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Day 4: Tuesday, 20 October 2009

JuliaThis was the first day of the group tour part of my trip, and as we did last time we began by walking through Kyōto Gyoen (the grounds of the Imperial Palace in Kyoto), stopping at Nashinoki-jinja, and then along the Kamo River. Preparations were already underway for the two-days-hence Jidai Matsuri, which begins at the Imperial Palace and proceeds two kilometers through the streets to the Heian Shrine. Folding chairs for spectators were being set up in rows, and flora were being pruned even more diligently than usual. When one member of our group wondered if some strips of paper tied to nearby branches were omikuji, trip coordinator Nancy speculated that in this case they were more likely markers for specific branches that landscaping workers would trim.

We wandered up Teramachi Street a bit, trying to find a washi shop that someone knew of, but we didn't find it. We did stop in at Ippodo's main shop, where we sipped some delicious hojicha samples. I'd never really noticed or appreciated hojicha before this trip, when I encountered many pots of it. I wonder whether it's served more often in the autumn or whether I was just oblivious to it before. As the Wikipedia entry says, "The roasting replaces the vegetative tones of standard green tea with a toasty, slightly caramel-like flavour." I bought 100g of it, some of which I'm enjoying as I type this, and which I'm happy to share as I did at a cookie-exchange and tea party earlier this month and as I plan to at a Tea Night at HacDC next month. It isn't expensive—just note that it's very quick-brewing, like 15-20 seconds.

lunch at Ganko Takasegawa NijoenWe had a lunch reservation at Ganko Takasegawa Nijoen. As Kansai Food Page notes, "This sprawling building was once the private mansion of one of Kyoto's leading merchants, and its beautiful garden and riverfront setting make it a popular spot for parties and banquets." In a private room with a garden view, we were each served a casual kaiseki meal in a lacquered box with a drawer. The set meal included soup, sushi, grilled fish, tofu, pickled vegetables, yuba, a savory custard, maybe tamagoyaki... my memory has faded. Dessert was a fruit sorbet. After lunch we strolled in the aforementioned beautiful garden.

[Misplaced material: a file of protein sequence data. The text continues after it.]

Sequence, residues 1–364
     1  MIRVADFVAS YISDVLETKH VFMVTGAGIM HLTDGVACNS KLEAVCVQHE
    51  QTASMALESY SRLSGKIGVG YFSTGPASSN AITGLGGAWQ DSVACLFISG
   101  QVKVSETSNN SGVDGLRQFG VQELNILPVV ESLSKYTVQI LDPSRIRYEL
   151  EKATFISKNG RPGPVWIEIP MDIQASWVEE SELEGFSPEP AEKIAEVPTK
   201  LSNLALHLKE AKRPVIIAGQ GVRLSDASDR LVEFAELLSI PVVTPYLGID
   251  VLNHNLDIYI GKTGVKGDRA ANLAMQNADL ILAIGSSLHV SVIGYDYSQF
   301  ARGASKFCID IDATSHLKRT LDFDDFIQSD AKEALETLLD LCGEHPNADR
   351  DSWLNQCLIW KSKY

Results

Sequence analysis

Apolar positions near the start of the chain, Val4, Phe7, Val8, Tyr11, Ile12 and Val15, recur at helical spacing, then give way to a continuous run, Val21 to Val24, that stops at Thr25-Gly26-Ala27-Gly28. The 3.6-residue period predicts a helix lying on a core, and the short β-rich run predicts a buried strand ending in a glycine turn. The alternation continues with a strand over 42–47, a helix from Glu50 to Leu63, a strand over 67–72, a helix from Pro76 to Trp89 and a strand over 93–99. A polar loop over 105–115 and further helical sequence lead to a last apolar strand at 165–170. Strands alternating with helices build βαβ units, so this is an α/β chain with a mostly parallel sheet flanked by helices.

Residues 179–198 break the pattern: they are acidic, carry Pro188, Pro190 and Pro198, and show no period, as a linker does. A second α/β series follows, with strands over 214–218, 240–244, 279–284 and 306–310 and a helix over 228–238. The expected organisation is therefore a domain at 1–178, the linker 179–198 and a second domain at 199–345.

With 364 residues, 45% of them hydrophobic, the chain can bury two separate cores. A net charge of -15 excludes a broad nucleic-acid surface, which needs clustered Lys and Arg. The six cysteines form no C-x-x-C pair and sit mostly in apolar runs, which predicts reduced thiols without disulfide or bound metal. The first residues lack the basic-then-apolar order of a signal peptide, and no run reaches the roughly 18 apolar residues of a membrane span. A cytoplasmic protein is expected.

weavingIn the afternoon we headed to the Kyoto Museum of Traditional Crafts "Fureaikan". We breezed through the gallery to get to a demonstration on weaving, including ikat. I'd like to learn more about weaving—along with a thousand other things—but not knowing much about it yet, I didn't really understand what I was looking at, and there wasn't any English-language signage. It was easier to understand and enjoy the permanent exhibits on traditional handicrafts like lacquerware, dyeing, woodworking, and ceramics. These exhibits featured examples of finished works, looping videos of the craft-making, and in many cases examples of the work at various stages in its making. It was amazing to see the beauty that can result from the application of age-old techniques to simple materials by experienced craftspeople.

That evening we wandered the Teramachi Street shopping arcade, with its souvenir shops and 100 yen shops and coffee shops and trendy clothing shops and かに道楽's giant animatronic snow crab in the middle of it all. Nancy showed us CHICAGO, a vintage clothing store with Western clothing on the first floor and Japanese traditional clothing on the second floor. We stopped for a snack at Lipton Sanjo Main Shop, where I had a delicious Japanese chestnut Mont Blanc parfait. What I don't understand is their tea, a black tea that tastes to me as though it was brewed ten times too long. Even with cream and sugar, it's so bitter it's hard for me to drink, much less enjoy. But it's clearly made the way it is intentionally and consistently, probably carefully even. I suppose it counterbalances the sweetness of the desserts served there, but that seems a theoretical point.

This entry was originally posted at http://bokunenjin.dreamwidth.org/2563.html.

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